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Chairman’s Page March 2019
Looking back over previous columns from last year I see that many subjects are repeatedly in the news. We still seem to be no further forward with a Brexit decision, and until we know what is going to happen we cannot advise or write about its impact on bird shows, and the buying, selling, or exchange of birds across the European Union. We just have to hope that our politicians can put aside their personal ambitions and work together for the good of the country!
Working together for the good of The Parrot Society is certainly something that your Trustees do well. Last month’s first Council Meeting of this year was a constructive session, with decisions on the optimal management of the Society’s funds, and a move to a new office following the expiration of the current lease at the end of March. Our shows and events for this year were planned and discussed, with ideas for developing display aviaries showcasing various parrot species to the public. This was trialed with Pionus parrots and Parrotlets at our December show, and was judged a successful draw. Many ideas for the future progress of the Parrot Society were discussed, and these will be a regular feature of future meetings.
Our Facebook page continues to reach a wider audience, with notifications of our shows and events, and various queries posted about parrots answered. We are also steadily working through the website, adding new articles and editing or re-organising older articles. If you have any thoughts or ideas for articles that you want to see – either in our magazine or on the website – then please let us know! You don’t have to have a degree in literature to contribute, if you are not confident with your writing, just send us the basic outline of what you want to say, and we can edit it for publication. Many of you have been keeping parrots for many years, and undoubtedly have interesting facts and figures, or anecdotes about your experiences. Of special interest are niche species that few other people keep or know about.
Worldwide parrot problems are ongoing, with global warming, drought, forest fires, floods and landslides, and continued destruction of native habitat seriously affecting food sources and nest sites of many endangered species. We shall continue to highlight such tragedies, and support worthwhile conservation projects where appropriate.
Meanwhile, those of you that keep parrots for breeding will no doubt have been busy preparing nest boxes and bird rooms, and setting up pairs of birds for the coming season. Good luck, and hopefully you will have some good offspring for sale or exchange at our shows later in the year.
Chairman’s Page April 2019
For the first time since it moved to the NEC, my wife and I attended Crufts Dog Show this year. We took with us our good friend, parrot enthusiast and Parrot Society colleague Vicky Hammond. We had a great day looking around and enjoying the sights, and inevitably spending money. We particularly wanted to see the breeder of our new Golden Retriever puppy, and we were lucky enough to see her dad win second place in his class as we reached the ring. We dropped Vicky back to her home early that evening, and returned back to our dogs and birds. We were devastated to receive a telephone call the following morning from Vicky’s close friend Allan to say that she had been taken ill during the evening and had died! She went into sudden cardiac arrest, and emergency services could not save her. Such an unexpected shock to us all.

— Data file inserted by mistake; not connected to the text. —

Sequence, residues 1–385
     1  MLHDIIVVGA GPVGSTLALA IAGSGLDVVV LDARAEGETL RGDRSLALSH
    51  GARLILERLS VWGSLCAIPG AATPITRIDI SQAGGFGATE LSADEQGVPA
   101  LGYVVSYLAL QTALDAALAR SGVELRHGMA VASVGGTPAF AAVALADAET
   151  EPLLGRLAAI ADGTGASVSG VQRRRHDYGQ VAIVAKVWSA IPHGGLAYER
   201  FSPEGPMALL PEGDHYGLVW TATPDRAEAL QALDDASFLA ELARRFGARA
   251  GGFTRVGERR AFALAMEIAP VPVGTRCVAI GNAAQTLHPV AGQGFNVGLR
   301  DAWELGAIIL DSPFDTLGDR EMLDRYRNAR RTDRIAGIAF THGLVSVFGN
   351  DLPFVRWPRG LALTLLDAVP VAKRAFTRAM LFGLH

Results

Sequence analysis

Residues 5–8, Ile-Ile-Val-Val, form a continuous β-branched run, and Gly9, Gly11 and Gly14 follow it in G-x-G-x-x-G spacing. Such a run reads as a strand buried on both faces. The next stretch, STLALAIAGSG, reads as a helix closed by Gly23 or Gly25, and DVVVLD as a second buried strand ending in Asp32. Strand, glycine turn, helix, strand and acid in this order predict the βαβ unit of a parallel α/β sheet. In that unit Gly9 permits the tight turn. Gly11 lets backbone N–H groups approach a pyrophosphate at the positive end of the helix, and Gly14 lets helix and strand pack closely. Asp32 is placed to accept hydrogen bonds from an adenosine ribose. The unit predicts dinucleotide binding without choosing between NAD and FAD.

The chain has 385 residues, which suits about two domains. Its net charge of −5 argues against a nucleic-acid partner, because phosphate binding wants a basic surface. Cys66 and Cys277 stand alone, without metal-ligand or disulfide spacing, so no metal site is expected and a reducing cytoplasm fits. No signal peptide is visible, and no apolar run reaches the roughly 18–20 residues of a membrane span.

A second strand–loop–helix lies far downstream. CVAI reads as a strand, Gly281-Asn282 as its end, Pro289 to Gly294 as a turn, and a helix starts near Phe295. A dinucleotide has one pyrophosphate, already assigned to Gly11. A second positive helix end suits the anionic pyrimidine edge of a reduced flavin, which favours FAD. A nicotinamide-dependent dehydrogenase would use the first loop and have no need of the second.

Victoria (Vicky) Hammond was a long-time member of The Parrot Society UK, as well as being a leading light in the Amazona Society in its day. She was a familiar and reliable presence at many shows over the years, representing both Societies. Latterly she assisted with the Exhibition birds at the October National Exhibition. Vicky loved all animals, keeping not only several large parrots at her home in Buckinghamshire, but also a succession of dogs and a couple of Sulcata tortoises. Following the loss of her husband Clive over twenty years ago, she lived life to the full, taking trips to Africa to see Gorillas and Borneo for Orangutans.
She visited Australia with David Coombes and John Mollindinia from the Parrot Society to meet Ray Ackroyd at the start of the ‘tree-tinning’ project to preserve cockatoo nest sites. This project continues successfully to the present day, and is reported fully on our website. Vicky’s other trips included Brazil to visit the corn project for Lear’s Macaws, and in fact had another trip to South America planned for this November. She had treated herself to a new backpack in preparation for this trip while we were at Crufts.
Vicky was also active locally, with theatre groups, regular lunches and dinners with groups of friends, and an active supporter of her local U3A group. She regaled us with stories of her many eventful coach trips to theatre performances in London. Her passing was sudden and unexpected, and she will be sorely missed. Our condolences go to her friends and family.
To return to Crufts Dog Show: car parking cost £16 per vehicle per day, to both general visitors and exhibitors, and then there was a long walk or bus ride with bags and trolleys full of dogs and paraphernalia. There was certainly no privileged parking close by for exhibitors! Entry for showing was £28 or £30 per dog, while visitor entry was some £12/£13 per person per day. Just goes to show what excellent value our Parrot Society shows at Stafford County Showground are for members and visitors!
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